underway, as well as his experiences
managing massage parlors in New York
and hanging out at a nude beach near
Ocean City, among other activities often
seen as morally questionable. His goal was
to understand American sexual mores in
the last days of the sexual revolution. But
feminists, anti-porn activists and some
critics doubted his intentions.
The attention he pays in The Voyeur’s
Motel to Gerald Foos, the creepy hotel
operator who spied on guests using an
“observation platform” outfitted with
customized-phony ceiling vents, has
been similarly maligned.
But there was a difference this time, in
that Talese was also taken to task for col-
laborating with Foos, who turned out to
be unreliable in reporting his adventures
in peeping. While most of the narra-
tive in The Voyeur’s Motel takes place
before 1980, one voyeuristic scene occurs
between 1980 and 1988, when Foos had
already sold the motel. Talese didn’t
know about the sale until the Washington
Post uncovered it. The revelation cast
doubt on some of the recollections Foos
shared with Talese.
Nonetheless, Talese hasn’t disavowed
the book. And neither has David Remnick, the editor of the New Yorker, who
has stood by it since excerpting it in the
magazine last spring before publication.
In an e-mail to the New York Times last
summer, Remnick wrote: “The central
fact of the piece, that Gerald Foos was, in
the late ’60s and ’70s, a voyeur, spying on
the guests in his motel, is not in doubt in
the article. The fact that he could some-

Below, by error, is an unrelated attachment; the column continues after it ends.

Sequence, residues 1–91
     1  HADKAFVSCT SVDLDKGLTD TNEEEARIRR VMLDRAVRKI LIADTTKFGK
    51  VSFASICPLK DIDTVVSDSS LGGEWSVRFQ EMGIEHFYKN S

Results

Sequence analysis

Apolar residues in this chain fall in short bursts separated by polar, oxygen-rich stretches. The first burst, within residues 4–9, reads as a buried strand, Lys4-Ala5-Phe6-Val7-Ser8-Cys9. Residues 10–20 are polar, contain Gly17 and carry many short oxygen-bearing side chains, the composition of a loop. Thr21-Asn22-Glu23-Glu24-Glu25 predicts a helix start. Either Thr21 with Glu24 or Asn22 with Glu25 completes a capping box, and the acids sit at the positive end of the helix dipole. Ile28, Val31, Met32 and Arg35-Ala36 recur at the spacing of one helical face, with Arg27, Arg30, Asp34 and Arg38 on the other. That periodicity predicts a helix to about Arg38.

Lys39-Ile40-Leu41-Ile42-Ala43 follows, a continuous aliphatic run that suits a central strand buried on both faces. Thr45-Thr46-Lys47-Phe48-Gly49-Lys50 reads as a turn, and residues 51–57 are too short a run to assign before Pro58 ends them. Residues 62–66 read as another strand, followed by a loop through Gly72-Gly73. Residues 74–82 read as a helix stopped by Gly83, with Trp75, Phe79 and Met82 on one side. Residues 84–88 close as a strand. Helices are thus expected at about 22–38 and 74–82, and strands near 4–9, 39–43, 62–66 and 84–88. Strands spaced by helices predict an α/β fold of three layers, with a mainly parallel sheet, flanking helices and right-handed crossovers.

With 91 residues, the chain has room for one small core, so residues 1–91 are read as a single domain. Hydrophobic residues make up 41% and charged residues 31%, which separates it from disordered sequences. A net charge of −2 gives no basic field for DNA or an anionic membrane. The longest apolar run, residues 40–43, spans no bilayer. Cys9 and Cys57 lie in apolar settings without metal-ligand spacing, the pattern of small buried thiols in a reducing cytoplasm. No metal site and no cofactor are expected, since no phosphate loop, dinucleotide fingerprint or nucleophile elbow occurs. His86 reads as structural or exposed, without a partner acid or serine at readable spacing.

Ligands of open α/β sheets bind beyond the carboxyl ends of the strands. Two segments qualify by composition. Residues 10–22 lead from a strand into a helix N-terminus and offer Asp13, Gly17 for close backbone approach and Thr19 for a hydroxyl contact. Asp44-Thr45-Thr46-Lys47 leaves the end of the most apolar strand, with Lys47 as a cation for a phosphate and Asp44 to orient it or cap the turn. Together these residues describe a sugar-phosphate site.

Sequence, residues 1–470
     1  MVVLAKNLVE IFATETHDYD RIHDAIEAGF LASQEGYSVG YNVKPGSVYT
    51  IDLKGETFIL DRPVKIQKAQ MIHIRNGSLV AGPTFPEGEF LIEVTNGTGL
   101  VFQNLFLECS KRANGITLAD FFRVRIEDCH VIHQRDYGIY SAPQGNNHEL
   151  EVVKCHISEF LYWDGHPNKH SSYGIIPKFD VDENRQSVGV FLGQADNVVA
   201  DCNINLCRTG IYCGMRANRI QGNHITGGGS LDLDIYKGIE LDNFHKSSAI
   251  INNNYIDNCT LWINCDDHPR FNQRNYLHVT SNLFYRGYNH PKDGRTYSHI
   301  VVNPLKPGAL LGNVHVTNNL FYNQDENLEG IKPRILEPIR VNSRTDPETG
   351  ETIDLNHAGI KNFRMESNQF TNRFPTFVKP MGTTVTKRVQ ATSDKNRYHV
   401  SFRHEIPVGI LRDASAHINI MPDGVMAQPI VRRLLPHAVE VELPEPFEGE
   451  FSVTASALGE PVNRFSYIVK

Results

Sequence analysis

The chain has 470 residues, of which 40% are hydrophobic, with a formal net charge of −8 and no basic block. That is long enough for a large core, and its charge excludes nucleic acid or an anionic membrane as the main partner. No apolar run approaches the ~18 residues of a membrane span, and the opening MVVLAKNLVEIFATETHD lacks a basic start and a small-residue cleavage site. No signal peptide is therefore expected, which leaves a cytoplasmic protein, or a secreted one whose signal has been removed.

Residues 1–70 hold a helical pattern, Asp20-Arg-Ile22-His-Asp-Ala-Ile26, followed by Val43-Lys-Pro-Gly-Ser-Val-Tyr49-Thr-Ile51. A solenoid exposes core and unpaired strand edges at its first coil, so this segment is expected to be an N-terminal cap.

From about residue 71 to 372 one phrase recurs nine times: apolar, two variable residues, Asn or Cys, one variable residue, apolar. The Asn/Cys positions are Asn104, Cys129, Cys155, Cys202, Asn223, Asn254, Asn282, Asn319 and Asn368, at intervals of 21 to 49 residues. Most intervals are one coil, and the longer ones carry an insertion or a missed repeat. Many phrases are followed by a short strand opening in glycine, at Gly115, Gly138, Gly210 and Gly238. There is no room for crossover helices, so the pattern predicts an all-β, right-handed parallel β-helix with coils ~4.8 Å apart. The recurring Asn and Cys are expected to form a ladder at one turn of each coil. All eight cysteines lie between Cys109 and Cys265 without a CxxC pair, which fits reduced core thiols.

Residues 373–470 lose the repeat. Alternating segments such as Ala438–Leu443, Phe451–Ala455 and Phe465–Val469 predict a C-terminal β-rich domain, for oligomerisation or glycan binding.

times prove an unreliable and inaccurate
narrator is also something that Gay Ta-
lese makes clear to the reader, repeatedly,
and is part of the way Foos is character-
ized throughout the article.”
Talese says if there are details to cor-
rect in later editions, “we’ll do that.”
What he will not do, he says, is stop
drilling deep into the stories that fasci-
nate him, even when they involve spilling
the details of his own marriage—a subject
he knows will court still more contro-
versy—or cooperating with loathsome
types like Foos. “My ambition as a nonfic-
tion writer is to move into an area that
nonfiction writers don’t usually move
into—private life. In A Nonfiction Mar-
riage, I’m naming me and I’m naming my
wife; it’s not made up.
“I haven’t changed much. I’m an old
guy doing the same things I did as a young
guy in New Jersey,” he says. “Foos is a
typical character for me. I’ve often writ-
ten about ordinary people and disrepu-
Sometimes, though, his subjects are
shinier. Dazzling, even.
Frank Sinatra, for example.
“He was never a loser,” Talese says.
“He was always glamorous.”
Some might argue otherwise, but at
least one of the characters he’s investi-
gating for A Nonfiction Marriage also fits
that category: Gay Talese himself.
Tammy La Gorce is a frequent contributor.
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